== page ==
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View to Port of Fécamp

In Normandy, the Alabaster Coast, 2 hours from Paris, Fécamp seduced by its authenticity. At the junction of four roads historical and heiress of a great past, she has witnessed the greatest period of industrial fishing.

Fécamp is a commune in the Seine-Maritime department in the Haute-Normandie region in northern France. Fécamp is situated in the valley of the river Valmont, at the heart of the Pays de Caux, on the Albaster Coast. It is around 35 km northeast of Le Havre, and around 60 km northwest of Rouen.

Fécamp

Fécamp developed over the centuries to become the leading French cod-fishing port, and a museum is devoted to the "Terre-neuvas", the Fécamp fishermen who caught cod in the waters off Newfoundland. The fishermen's houses can be seen by the port, and their chapel on the cliffs, with its votive boats (which express a wish) is worth the visit.
Situated on the alabaster Coast, Fécamp's authenticity and natural charm appeal to visitors. The abbey church of the Holy Trinity, the palace of the Dukes of Normandy and the rich collections in the terre-veuvas museum are not to be missed. The heady perfume of plants and spices which go into the famous liquor make it difficult to pass by the impressive Benedictine Palace without stepping inside.

History

According to its late medieval founding legend, the trunk of a fig tree (ficus) carrying the Precious Blood of Christ collected by Joseph of Arimathea was washed ashore on the riverbank at Fécamp in the 1st century. Immediately, a fountain of holy blood gushed from the site; the relic attracted many medieval pilgrims, enhancing the reputation of the city.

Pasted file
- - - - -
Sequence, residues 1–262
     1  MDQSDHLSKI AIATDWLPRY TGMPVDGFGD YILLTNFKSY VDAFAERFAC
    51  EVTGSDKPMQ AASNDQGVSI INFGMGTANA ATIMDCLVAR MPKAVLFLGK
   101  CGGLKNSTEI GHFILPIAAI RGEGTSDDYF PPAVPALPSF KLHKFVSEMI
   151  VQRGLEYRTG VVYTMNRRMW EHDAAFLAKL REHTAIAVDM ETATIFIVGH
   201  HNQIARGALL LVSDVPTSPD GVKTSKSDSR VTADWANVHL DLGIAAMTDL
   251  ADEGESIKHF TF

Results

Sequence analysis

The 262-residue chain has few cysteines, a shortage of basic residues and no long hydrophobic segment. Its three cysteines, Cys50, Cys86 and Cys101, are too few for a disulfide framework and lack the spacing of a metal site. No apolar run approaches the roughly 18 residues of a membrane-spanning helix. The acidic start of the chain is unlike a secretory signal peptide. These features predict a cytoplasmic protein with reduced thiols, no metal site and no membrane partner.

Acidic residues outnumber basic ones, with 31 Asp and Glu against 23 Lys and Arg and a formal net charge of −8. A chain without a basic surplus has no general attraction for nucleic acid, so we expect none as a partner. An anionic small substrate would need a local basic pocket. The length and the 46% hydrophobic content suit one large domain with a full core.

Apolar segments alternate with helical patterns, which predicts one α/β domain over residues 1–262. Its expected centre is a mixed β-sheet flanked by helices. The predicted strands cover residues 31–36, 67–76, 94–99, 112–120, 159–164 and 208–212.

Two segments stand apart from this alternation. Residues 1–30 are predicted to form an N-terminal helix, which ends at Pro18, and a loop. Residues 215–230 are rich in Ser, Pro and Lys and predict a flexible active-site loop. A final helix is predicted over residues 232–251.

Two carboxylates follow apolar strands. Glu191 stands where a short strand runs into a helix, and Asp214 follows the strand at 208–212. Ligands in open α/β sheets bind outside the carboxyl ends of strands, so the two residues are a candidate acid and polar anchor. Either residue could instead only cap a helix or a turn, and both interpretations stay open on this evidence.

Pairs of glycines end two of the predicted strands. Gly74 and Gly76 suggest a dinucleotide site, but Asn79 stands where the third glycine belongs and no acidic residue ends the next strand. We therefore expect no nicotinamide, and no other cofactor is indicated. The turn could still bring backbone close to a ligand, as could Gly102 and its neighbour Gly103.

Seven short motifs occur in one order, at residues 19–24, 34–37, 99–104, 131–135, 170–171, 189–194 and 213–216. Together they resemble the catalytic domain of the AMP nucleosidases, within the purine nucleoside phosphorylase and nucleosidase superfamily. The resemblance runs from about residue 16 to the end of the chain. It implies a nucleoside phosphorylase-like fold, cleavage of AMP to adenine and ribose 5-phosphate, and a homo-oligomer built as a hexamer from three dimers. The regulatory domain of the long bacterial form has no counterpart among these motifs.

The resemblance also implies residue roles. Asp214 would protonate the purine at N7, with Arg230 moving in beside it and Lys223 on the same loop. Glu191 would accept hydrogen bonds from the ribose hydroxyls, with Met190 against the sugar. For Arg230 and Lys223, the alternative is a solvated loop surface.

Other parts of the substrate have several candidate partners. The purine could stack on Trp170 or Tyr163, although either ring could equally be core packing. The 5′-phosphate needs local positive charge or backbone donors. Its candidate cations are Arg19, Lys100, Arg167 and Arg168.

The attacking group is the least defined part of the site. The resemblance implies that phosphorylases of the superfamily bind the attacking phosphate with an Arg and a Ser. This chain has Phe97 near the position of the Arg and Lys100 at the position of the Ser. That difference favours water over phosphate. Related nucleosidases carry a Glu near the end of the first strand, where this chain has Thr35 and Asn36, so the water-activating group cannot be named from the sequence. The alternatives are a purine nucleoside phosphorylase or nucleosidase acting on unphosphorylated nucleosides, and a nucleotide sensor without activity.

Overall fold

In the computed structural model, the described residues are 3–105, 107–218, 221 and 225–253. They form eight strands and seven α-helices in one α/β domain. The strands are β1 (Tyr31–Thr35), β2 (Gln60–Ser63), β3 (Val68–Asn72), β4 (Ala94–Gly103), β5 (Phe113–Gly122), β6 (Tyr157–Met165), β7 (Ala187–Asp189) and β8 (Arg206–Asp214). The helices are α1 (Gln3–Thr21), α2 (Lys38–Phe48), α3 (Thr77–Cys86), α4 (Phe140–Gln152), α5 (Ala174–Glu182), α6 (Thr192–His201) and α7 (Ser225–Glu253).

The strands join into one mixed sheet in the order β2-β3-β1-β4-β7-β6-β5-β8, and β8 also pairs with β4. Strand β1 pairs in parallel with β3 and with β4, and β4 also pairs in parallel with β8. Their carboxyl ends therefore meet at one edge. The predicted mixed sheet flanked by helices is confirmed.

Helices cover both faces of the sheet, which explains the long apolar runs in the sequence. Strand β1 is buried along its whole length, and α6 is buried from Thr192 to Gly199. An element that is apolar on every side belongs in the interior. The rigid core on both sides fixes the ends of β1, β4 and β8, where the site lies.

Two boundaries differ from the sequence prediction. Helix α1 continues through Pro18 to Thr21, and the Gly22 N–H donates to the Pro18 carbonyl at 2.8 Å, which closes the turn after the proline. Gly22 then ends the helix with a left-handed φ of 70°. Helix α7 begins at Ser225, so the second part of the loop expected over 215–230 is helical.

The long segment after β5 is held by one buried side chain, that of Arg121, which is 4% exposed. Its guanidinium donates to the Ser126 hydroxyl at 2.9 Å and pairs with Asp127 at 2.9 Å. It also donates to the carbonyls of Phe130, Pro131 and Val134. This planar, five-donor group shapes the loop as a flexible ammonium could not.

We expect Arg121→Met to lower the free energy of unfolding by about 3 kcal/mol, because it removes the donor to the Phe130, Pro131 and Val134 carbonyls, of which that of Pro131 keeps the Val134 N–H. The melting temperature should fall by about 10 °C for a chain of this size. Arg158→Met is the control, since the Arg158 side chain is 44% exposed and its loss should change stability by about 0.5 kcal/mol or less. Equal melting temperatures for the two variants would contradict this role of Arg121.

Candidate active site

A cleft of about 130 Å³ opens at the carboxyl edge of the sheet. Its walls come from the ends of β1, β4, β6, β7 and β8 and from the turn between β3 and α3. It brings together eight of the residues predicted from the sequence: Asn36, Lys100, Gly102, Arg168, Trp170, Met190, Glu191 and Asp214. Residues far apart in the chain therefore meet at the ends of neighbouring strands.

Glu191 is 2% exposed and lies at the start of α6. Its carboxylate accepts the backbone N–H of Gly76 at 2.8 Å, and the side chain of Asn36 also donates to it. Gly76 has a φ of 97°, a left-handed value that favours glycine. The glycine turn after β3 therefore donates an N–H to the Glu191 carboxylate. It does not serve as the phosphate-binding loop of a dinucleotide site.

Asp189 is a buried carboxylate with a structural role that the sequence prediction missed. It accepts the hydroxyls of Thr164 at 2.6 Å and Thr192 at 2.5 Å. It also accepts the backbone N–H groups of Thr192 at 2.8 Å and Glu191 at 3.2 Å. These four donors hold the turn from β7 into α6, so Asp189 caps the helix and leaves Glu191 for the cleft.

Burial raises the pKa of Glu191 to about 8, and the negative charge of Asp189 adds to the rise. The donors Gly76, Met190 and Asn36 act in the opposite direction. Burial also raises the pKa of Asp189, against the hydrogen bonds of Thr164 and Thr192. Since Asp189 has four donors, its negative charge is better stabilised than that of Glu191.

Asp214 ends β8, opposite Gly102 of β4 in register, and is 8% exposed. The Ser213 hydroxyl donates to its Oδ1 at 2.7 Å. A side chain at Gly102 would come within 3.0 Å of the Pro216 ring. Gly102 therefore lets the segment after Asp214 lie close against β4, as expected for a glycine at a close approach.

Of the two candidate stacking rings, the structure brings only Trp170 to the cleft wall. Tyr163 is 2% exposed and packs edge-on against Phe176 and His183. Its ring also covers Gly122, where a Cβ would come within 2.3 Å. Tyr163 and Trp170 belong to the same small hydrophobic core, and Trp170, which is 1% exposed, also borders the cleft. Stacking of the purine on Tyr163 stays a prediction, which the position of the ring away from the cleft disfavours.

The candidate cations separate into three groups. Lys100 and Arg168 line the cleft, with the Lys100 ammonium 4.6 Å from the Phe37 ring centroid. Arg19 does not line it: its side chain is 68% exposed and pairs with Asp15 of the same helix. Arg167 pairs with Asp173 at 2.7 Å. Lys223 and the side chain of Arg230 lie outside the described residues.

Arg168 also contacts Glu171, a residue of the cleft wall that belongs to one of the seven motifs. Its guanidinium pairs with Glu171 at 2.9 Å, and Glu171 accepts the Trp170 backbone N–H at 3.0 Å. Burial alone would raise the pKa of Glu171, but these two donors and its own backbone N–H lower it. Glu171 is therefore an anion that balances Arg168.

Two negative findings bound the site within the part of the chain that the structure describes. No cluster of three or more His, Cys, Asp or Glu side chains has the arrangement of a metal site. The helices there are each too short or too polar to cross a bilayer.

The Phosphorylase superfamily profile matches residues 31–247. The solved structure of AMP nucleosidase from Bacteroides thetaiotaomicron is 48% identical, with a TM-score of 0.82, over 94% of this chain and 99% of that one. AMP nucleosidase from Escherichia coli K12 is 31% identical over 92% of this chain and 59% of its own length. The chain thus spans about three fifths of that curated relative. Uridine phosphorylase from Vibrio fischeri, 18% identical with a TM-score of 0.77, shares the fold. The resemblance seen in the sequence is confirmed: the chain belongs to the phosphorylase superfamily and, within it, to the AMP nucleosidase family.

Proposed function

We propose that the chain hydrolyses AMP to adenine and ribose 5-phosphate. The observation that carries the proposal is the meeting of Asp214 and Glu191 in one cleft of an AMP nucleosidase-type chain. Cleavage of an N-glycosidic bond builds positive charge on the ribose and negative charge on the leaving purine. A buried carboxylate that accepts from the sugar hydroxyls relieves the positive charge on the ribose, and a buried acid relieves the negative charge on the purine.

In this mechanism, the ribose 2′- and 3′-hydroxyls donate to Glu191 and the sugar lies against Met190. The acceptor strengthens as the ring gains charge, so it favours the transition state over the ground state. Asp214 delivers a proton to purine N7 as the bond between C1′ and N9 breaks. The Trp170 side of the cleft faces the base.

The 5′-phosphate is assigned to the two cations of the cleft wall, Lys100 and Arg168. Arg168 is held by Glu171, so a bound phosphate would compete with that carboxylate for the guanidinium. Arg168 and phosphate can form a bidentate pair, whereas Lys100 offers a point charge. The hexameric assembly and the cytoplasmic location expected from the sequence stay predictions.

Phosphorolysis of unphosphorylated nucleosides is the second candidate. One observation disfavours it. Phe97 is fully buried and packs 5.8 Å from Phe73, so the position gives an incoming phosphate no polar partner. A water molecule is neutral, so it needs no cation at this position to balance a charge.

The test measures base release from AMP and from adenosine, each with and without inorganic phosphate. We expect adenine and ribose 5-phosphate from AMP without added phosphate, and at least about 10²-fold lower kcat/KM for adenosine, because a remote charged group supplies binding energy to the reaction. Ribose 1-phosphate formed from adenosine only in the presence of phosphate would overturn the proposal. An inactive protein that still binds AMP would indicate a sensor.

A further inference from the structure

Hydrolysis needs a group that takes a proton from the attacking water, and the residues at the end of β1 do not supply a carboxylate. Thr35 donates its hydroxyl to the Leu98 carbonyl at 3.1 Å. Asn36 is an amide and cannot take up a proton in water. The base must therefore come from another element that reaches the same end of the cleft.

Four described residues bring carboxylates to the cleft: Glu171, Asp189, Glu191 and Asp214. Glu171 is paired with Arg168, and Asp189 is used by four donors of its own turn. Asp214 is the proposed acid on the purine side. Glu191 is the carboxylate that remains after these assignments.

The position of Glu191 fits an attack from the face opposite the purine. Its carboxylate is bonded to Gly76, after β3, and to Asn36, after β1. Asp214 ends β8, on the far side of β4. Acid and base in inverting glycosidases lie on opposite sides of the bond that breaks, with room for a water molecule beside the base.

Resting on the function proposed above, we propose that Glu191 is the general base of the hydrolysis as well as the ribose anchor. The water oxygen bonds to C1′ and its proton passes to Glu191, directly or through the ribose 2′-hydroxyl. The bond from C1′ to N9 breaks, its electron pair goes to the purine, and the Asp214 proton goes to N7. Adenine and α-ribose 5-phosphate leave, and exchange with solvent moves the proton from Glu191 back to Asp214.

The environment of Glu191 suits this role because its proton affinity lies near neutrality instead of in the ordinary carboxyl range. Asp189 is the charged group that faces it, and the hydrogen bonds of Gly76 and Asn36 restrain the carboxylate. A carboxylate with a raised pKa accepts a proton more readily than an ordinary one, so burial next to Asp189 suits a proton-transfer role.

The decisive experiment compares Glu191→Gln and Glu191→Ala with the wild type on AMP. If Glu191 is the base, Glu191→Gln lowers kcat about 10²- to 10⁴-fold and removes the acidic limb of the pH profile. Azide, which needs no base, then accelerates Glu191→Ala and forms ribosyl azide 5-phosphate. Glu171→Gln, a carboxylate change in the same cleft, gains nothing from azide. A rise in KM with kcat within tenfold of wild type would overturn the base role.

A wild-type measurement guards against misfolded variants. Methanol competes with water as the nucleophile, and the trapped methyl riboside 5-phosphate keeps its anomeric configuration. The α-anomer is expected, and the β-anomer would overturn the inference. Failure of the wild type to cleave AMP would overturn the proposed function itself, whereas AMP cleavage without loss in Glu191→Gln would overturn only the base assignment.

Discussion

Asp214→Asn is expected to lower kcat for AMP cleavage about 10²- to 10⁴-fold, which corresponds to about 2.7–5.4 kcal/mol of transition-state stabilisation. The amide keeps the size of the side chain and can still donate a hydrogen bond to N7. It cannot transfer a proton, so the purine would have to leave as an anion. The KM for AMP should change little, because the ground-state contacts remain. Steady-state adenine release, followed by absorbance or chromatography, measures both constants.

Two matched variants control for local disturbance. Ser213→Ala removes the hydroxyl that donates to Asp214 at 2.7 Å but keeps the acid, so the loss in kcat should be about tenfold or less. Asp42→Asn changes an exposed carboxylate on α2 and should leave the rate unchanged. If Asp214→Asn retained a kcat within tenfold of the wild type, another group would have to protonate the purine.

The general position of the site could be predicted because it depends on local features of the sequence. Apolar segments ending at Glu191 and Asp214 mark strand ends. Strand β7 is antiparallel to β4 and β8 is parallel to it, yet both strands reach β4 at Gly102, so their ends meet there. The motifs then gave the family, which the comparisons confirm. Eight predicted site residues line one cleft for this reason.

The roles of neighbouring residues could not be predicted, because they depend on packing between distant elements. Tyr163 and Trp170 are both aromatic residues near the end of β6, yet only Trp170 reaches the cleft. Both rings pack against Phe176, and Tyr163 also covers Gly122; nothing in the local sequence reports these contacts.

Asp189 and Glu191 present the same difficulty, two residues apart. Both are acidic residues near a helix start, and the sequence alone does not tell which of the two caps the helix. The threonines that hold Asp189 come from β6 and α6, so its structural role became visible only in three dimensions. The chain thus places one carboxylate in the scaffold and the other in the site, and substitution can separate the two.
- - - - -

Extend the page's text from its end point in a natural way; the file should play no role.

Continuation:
The monks' legend justified the artificial etymology of the name to Fici-campus, the camp of the fig tree. Fécamp, however, is mentioned in 875 as Fiscannum and in 990 as Fiscannus and as late as 1496 which stem from the Germanic root fisc (English "fish") with an unknown suffix. It used to be the name of the Valmont River.
In the 6th century, Saint Leger was exiled to Fécamp. In 932, William I of Normandy (Long-Sword) founded the castle that was to be the residence of the Dukes of Normandy up until 1204, after which, the Norman Duchy was integrated within the French royal domain. The castle was the birthplace of many Norman dukes, including Richard I of Normandy (born 933) and Richard II of Normandy (who died 22 August 1027).(Source:Fécamp & wikipedia)

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Additional Photos by George Rumpler (Budapestman) Gold Star Critiquer/Gold Note Writer [C: 8900 W: 3 N: 20435] (82620)
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